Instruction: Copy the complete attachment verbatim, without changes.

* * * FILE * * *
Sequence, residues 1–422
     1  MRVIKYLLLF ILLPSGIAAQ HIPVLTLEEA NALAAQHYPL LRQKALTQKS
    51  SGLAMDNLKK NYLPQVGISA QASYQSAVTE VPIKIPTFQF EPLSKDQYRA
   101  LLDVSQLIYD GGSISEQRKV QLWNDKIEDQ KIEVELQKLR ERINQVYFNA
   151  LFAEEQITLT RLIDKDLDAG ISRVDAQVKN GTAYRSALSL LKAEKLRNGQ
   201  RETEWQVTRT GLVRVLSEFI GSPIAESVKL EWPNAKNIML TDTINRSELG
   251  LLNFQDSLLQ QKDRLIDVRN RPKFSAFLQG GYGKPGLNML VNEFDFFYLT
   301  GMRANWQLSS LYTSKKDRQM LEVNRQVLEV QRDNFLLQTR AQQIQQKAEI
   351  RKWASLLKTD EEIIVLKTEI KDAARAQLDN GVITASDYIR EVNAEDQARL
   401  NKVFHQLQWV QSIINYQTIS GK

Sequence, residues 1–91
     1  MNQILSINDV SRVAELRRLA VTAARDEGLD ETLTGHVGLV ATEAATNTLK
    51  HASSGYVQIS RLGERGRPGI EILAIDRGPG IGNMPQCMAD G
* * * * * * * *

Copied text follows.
Sequence, residues 1–422
     1  MRVIKYLLLF ILLPSGIAAQ HIPVLTLEEA NALAAQHYPL LRQKALTQKS
    51  SGLAMDNLKK NYLPQVGISA QASYQSAVTE VPIKIPTFQF EPLSKDQYRA
   101  LLDVSQLIYD GGSISEQRKV QLWNDKIEDQ KIEVELQKLR ERINQVYFNA
   151  LFAEEQITLT RLIDKDLDAG ISRVDAQVKN GTAYRSALSL LKAEKLRNGQ
   201  RETEWQVTRT GLVRVLSEFI GSPIAESVKL EWPNAKNIML TDTINRSELG
   251  LLNFQDSLLQ QKDRLIDVRN RPKFSAFLQG GYGKPGLNML VNEFDFFYLT
   301  GMRANWQLSS LYTSKKDRQM LEVNRQVLEV QRDNFLLQTR AQQIQQKAEI
   351  RKWASLLKTD EEIIVLKTEI KDAARAQLDN GVITASDYIR EVNAEDQARL
   401  NKVFHQLQWV QSIINYQTIS GK

Sequence, residues 1–91
     1  MNQILSINDV SRVAELRRLA VTAARDEGLD ETLTGHVGLV ATEAATNTLK
    51  HASSGYVQIS RLGERGRPGI EILAIDRGPG IGNMPQCMAD G